I’m happy to report that I actually did really well. I made a few tactical errors — like not parking in the first lot I came to and walking in. But that turned out okay, because if I had parked in the first lot, it would have been all but impossible to get down to the other end of the mall. I studied the list carefully ahead of time and used a highlighter to mark the stores where I’d be going. I also kept my focus trained on the task at hand — even if it was just sitting in traffic. I also walked a lot more this year than other years. I found one parking space and used it for two different stores. And I didn’t hassle with finding a space that was as close as I could get to the building. I took the first decent spot I could find, and then I walked to the store.

Imagine that — in past years, I was possessed with finding parking as close as possible, and I would move the car between stores, even if they were only 500 yards apart.  This year, I just walked the distance. Even though it was cold, for some reason the cold didn’t bother me, and it actually felt good to be out and moving.

I think that my 5 months  of daily exercise has paid off, in this respect. I think part of the reason I was always consumed with driving everywhere was that I just wasn’t physically hardy. I was kind of a wimpy weakling, in fact — though more in thought than in body, but a wimply weakling, all the same. But having a good physical foundation — even just from doing an hour (total) of cycling, stretching, and light lifting each morning — has made a significant difference in my willingness and ability to walk between stores.

It might not seem like much, but the walking (instead of driving) between stores part of the trip actually made a huge difference in my overall experience. Walking between stores — stopping at the car on the way to stash my presents — helped me break up the activity and clear my head. It got me out of that in-store madness, the crush and the rush, and it got me moving, so I felt less backed-up and agitated. And that let me start fresh at the next store.

That was good, because the first store was a friggin’ nightmare. It was one of those big-box electronics places, that supposedly has “everything” but really didn’t. It was exhausting, combing through the stacks of movies and music, only to find everything except what I needed. The lighting was awful — extremely bright and fluorescent and glaring. People kept bumping into me, or walking so close I thought they would run me down. But the worst thing was the acoustics. Everything surface was hard and echo-y and the place was overwhelmingly loud, and every single sound was at least partially distinguishable, which drove me nuts. I’ve noticed that acoustics have a lot more impact on me than light, when I’m out shopping. The store was one big cauldron of loud, indiscriminate noise, and my brain kept trying to follow every sound to see if it mattered. I couldn’t function there. Not with the place full of people — and very agitated, anxious, aggressive people, at that.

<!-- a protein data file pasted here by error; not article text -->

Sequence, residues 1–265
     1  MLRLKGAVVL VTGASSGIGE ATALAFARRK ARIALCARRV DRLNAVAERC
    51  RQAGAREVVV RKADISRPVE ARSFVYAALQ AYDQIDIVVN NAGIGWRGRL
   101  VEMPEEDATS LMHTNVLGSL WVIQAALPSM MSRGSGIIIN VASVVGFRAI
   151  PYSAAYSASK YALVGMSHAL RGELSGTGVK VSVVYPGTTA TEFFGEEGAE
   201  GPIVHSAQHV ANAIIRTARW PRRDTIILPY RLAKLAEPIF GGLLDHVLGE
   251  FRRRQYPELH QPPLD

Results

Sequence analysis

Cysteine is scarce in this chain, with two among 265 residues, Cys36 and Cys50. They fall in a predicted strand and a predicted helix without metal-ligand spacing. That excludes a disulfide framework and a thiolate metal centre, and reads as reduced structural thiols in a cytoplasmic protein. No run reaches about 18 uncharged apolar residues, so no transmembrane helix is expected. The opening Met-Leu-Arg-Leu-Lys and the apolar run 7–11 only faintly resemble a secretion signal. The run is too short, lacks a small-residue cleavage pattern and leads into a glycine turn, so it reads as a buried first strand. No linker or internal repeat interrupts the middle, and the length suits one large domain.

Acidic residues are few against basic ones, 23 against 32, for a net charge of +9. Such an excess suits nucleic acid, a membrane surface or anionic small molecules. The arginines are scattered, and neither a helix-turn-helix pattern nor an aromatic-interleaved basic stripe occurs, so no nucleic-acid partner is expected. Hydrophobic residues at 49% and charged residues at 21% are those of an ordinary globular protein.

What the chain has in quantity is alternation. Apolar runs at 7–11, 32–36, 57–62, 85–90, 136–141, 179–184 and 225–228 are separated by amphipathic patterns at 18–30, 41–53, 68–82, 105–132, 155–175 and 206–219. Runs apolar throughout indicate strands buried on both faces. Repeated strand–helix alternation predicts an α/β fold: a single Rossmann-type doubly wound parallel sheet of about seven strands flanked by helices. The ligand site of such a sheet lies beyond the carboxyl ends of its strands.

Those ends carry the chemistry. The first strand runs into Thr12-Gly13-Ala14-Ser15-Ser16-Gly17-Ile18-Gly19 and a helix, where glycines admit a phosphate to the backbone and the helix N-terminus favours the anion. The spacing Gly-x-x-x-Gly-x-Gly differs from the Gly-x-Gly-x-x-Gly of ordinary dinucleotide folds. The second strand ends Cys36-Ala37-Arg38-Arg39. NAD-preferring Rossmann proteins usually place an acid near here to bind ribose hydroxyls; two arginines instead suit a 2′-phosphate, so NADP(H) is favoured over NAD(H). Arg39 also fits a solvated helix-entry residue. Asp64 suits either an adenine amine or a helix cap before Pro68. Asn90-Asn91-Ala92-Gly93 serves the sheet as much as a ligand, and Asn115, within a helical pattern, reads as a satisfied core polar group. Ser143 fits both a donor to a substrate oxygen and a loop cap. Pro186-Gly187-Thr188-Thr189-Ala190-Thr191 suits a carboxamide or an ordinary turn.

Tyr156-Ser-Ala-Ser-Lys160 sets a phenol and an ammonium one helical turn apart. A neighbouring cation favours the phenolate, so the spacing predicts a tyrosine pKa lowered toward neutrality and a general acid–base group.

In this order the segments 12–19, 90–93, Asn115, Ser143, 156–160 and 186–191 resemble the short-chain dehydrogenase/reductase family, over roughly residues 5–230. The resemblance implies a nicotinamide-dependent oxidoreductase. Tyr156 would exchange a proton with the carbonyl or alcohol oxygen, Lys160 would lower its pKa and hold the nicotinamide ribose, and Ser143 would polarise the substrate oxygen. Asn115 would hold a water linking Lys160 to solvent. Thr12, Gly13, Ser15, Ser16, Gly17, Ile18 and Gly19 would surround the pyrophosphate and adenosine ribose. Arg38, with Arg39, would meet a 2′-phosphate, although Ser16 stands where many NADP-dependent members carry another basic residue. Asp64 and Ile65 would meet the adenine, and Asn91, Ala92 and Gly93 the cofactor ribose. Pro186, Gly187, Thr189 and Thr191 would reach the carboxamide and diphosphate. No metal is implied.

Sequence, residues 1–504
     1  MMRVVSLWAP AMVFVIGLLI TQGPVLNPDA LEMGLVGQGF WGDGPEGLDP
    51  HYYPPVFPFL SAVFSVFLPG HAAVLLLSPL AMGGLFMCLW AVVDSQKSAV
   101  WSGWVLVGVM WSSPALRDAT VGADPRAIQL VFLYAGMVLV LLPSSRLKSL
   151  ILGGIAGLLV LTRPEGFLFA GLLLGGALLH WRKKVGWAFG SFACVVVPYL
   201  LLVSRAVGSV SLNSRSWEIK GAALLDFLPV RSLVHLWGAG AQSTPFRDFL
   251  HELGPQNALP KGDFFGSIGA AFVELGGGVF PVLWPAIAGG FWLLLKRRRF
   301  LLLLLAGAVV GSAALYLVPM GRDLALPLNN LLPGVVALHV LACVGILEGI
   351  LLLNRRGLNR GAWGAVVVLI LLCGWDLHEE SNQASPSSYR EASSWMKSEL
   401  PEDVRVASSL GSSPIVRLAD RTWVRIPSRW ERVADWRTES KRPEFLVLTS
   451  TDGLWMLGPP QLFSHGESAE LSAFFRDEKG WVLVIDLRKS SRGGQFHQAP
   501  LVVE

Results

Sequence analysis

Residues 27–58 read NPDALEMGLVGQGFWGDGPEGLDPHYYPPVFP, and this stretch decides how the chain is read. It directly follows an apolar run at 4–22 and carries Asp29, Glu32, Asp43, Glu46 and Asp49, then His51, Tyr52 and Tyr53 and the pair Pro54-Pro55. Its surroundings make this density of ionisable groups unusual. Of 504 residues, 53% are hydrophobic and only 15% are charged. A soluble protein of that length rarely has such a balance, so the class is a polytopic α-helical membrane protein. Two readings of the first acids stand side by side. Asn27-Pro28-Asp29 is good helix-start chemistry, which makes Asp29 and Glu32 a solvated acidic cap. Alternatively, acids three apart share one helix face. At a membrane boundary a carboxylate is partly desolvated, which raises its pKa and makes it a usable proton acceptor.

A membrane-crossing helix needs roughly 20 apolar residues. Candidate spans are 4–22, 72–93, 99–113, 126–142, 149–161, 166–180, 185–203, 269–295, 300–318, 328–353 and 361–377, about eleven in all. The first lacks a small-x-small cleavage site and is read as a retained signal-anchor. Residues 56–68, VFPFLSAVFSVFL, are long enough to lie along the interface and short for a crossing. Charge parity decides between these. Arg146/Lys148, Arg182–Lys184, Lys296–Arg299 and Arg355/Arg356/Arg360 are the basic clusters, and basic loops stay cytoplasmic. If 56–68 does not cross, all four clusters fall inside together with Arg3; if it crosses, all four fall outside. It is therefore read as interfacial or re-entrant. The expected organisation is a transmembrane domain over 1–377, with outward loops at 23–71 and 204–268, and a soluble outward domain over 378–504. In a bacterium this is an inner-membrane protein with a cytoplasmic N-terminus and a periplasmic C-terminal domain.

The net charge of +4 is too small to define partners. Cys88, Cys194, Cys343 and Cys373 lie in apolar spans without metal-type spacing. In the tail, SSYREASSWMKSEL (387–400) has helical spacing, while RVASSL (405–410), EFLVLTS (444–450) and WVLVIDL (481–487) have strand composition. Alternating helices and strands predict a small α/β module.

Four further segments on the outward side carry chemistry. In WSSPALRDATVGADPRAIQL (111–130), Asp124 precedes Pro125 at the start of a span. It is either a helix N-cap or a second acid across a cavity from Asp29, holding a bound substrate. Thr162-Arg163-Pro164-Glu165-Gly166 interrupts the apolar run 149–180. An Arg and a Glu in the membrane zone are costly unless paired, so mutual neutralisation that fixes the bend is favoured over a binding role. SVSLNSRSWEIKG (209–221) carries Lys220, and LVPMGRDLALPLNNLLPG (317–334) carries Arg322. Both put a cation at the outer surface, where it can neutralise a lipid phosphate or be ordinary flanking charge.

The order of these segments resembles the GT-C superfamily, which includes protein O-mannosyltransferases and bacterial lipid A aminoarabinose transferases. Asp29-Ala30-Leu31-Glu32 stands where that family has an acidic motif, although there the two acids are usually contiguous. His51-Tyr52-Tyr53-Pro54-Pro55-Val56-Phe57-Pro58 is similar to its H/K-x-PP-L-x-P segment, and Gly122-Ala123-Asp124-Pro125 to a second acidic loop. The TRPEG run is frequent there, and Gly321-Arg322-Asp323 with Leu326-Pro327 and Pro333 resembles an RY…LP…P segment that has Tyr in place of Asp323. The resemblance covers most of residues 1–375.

I eventually went with a gift card and got the hell out of there. I doubt I’ll ever go back when it’s that full. When the place is low-key and all but empty, I can handle it much better. But at this time of year? Not so much.

Walking back to my car chilled me out. Sweet relief.

At the second store — a bookstore — I started to feel pretty overwhelmed. They had long lines, and the place was packed — which is good for the retailer, but not so great for me. I spent the longest amount of time there, in part because I could feel I was getting overloaded, and I stopped a number of times to catch up with myself and remind myself what I was there to buy. My list was getting a little ragged, at that point, what with me writing notes in the margins and taking it out/putting it back in my pocket. So, eventually I just pulled it out and held onto it for dear life. I must have looked a little simple-minded, but I don’t care. Everyone else was so caught up in their own stuff, anyway. My main challenge there, was not getting trampled by Women On A Mission — many of them carrying large bags and shopping baskets that doubled as ramrods to get through the crowds.

One cool thing happened, though, when I was taking a break — I had a little exchange I had with two teenage boys who were talking about some book they’d heard about. I was just standing there, pretending to look at a shelf of books, just trying to get my bearings, when I hear this one young guy tell his buddy, “I heard about this book I should get — I think it’s called the ‘Kama Sutra’ and it’s, like, about sex, and it’s got these pictures… and it’s really old… like, from India or something.”

Well, I perked up at that, and suddenly very alert, I looked over at them and said, “Oh, yeah — the Kama Sutra, man… You should definitely check it out.”

They kind of looked at me like deer in headlights, and they got flushed and flustered and stammered something about not knowing how to find it. It was about sex, and they didn’t know how to ask someone to help them. I so felt their pain…

I confidently (and confidentially) pointed them to the book-finder computer kiosk, where they could type in the title and it would tell them where to find it in the store.

“Dude, you should totally look into it. It’s got lots of information — and pictures — and it’s been highly recommended… for hundreds of years.”